Wooly Mammoths

by Bloody Hotdogs! 12 Replies latest watchtower bible

  • Bloody Hotdogs!
    Bloody Hotdogs!

    A JW came to my door a while back and used wooly mammoths as evidence for Noah's flood. He was a bit older, so I thought this must be some oddball out-of-date teaching of Jehovah's Witnesses. I could remember something in the Insight book about frozen mammoths, but not much else. WELL, was I ever wrong. JWs have published more on wooly mammoths than (I think) any other extinct animal. They've really hung themselves on this one.

    So, yesterday, I set about collecting every single quote I could find on the WT CDROM and made a page on my website devoted entirely to wooly mammoths:

    WOOLY MAMMOTHS - What do Jehovah's Witnesses Believe?

    Have fun! ... and let me know if Ive missed anything...

  • freemindfade
    Heard a talk not to long ago on a Sunday about the flood. It was awful buy he mentioned the apply mammoths. Fascinating how they latch on to something like this that isn't really proof, and ignore volumes of other real evidence there was no flood.
  • prologos
    The frozen Mammoth is a canard, red herring, because the fall of a water canopy would have resulted in an immense energy release, it would have been resulted in steamed, boiled buried Mammoth instead.
  • Village Idiot
    Village Idiot

    The statement about Woolly Mammoths living before the flood is standard Young Earth Creationist teaching. They believe that Woolly Mammoths lived in a tropical paradise that existed back then. Of course, they forget that their thick shag of wool is an adaptation for Ice Age conditions. They would die from heat stroke if they were in the tropics.

    Another indication that Jehovah's Witnesses and creationists in general are woolly-headed.

  • TD

    What VI said above.

    JW's plagiarize the creation arguments of others and always have.

  • Crazyguy

    Great work, by the way what do you think killed so many of these animals off? A sudden drop in temperature, if so caused by what since these animals seemed adapted already to ice age type of conditions.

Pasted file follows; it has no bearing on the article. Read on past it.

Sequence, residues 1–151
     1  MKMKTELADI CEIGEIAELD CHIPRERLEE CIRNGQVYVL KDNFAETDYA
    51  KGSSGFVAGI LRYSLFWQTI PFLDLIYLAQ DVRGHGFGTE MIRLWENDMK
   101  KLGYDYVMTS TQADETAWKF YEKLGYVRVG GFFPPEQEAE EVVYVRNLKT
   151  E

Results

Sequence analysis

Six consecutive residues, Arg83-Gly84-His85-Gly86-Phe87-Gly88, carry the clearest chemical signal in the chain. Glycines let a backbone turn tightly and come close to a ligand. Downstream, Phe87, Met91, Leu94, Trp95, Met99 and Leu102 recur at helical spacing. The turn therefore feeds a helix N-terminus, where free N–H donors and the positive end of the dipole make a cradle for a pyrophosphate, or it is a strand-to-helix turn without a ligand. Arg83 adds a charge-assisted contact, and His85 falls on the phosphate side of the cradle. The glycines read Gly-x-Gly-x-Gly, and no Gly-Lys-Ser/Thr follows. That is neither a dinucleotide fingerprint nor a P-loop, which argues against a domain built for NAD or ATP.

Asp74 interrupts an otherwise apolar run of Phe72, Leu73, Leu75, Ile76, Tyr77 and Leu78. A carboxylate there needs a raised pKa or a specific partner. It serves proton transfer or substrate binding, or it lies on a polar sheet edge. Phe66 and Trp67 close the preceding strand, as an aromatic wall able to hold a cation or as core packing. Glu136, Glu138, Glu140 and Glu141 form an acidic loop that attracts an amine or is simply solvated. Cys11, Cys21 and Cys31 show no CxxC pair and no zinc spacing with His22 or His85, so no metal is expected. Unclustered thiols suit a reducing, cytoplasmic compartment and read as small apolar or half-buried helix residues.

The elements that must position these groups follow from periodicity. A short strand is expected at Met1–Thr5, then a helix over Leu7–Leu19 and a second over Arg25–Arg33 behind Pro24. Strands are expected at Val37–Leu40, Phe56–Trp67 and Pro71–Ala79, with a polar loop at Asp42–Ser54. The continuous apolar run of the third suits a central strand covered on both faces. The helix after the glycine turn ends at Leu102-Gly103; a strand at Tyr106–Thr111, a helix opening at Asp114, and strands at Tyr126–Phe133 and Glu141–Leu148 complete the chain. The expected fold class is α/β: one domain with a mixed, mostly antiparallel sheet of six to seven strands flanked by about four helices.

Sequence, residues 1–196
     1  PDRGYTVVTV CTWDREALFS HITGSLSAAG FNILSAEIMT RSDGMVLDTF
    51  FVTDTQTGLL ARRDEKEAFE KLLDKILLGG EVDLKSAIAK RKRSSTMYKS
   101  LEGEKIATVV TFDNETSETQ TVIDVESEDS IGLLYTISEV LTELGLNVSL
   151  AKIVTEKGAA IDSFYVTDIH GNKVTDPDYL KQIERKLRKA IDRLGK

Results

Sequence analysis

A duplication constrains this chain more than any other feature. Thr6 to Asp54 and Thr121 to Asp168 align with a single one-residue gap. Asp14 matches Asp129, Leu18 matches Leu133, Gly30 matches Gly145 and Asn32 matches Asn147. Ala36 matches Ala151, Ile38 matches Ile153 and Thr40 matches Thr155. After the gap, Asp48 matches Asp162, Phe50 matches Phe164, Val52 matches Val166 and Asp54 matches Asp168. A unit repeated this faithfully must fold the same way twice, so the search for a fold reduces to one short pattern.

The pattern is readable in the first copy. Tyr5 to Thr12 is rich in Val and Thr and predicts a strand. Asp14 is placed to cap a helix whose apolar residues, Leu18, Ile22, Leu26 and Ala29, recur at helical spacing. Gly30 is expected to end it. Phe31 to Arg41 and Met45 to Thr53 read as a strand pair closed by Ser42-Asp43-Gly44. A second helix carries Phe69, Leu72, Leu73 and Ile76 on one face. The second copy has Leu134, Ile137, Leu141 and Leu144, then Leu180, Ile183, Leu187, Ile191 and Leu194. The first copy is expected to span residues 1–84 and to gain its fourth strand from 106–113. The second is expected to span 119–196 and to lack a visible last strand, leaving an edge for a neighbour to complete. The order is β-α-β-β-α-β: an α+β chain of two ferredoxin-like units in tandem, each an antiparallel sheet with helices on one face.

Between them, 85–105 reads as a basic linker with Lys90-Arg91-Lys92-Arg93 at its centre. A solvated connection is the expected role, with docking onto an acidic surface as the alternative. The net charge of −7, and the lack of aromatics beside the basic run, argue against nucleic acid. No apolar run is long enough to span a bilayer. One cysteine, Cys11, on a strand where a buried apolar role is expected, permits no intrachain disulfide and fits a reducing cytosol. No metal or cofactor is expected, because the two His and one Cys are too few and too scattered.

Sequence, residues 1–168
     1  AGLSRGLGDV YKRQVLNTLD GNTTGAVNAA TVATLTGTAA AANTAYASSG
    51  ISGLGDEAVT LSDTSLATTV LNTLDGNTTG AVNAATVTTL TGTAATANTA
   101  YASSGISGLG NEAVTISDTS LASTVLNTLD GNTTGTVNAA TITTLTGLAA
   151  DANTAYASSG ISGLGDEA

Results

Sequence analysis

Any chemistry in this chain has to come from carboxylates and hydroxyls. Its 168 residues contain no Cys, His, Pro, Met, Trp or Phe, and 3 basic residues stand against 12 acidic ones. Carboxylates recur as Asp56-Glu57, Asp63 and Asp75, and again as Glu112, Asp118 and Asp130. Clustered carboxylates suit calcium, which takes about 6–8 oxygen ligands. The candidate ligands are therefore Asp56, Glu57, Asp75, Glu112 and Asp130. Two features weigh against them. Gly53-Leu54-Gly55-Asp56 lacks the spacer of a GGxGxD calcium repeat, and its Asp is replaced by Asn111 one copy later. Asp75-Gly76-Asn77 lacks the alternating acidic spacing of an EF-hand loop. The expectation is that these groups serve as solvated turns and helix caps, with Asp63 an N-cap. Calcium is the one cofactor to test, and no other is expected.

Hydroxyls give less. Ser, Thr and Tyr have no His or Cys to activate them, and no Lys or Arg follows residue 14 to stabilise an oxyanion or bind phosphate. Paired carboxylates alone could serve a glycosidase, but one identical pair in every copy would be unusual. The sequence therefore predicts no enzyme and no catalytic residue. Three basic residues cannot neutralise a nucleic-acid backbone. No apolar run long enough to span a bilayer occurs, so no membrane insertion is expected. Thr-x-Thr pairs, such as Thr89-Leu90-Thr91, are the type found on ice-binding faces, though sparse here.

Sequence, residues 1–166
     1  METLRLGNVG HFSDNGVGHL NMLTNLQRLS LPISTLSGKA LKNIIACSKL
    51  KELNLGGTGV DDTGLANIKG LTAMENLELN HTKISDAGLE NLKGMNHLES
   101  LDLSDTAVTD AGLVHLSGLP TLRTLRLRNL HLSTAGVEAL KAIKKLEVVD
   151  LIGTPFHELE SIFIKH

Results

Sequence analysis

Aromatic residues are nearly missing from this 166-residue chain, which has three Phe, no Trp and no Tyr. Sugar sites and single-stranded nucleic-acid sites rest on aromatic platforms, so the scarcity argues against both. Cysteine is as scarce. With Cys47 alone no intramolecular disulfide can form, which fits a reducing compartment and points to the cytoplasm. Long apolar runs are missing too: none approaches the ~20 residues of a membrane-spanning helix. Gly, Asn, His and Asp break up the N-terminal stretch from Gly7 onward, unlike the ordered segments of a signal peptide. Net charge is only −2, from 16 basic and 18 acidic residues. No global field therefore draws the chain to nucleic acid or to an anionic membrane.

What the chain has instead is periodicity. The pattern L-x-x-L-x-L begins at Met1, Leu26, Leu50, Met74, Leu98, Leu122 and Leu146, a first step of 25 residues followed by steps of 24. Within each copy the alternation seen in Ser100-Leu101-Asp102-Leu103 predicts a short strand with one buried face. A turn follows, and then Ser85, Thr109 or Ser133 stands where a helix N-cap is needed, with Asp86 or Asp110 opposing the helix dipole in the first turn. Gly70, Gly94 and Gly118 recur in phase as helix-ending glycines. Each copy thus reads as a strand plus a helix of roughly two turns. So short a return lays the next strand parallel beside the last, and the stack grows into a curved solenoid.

By the way the water canopy idea comes straight from Babylon yet they reject the older stories of the flood also from Babylon and Sumeria.

  • Finkelstein
    Most woolly mammoth populations disappeared during the late Pleistocene and early Holocene, alongside most of the Pleistocene megafauna (including the Columbian mammoth). This extinction formed part of the Quaternary extinction event, which began 40,000 years ago and peaked between 14,000 and 11,500 years ago. Scientists are divided over whether hunting or climate change, which led to the shrinkage of its habitat, was the main factor that contributed to the extinction of the woolly mammoth, or whether it was due to a combination of the two. Whatever the cause, large mammals are generally more vulnerable than smaller ones due to their smaller population size and low reproduction rates. Different woolly mammoth populations did not die out simultaneously across their range, but gradually went extinct over time. Most populations disappeared between 14,000 and 10,000 years ago. The last mainland population existed in the Kyttyk Peninsula of Siberia 9,650 years ago.[86][87] A small population of woolly mammoths survived on St. Paul Island, Alaska, until 6,400 years ago.[88][89][90] The last known population remained on Wrangel Island in the Arctic Ocean until 4,000 years ago, well into the start of human civilization and concurrent with the construction of the Great Pyramid of ancient Egypt.
  • Pete Zahut
    Pete Zahut

    There have been other discussions about Wooly Mammoths on this site before, if you're interested.


  • HowTheBibleWasCreated
    When I was still very much a believer and in high school I took 3 clases on geology and realted... one of the sections was on the ice age... I always found this hard to fit into the bible then
  • talesin

    I like the information on your site, it's excellent! I'm no expert, so can't say if you missed anything.

    Nice work. xx

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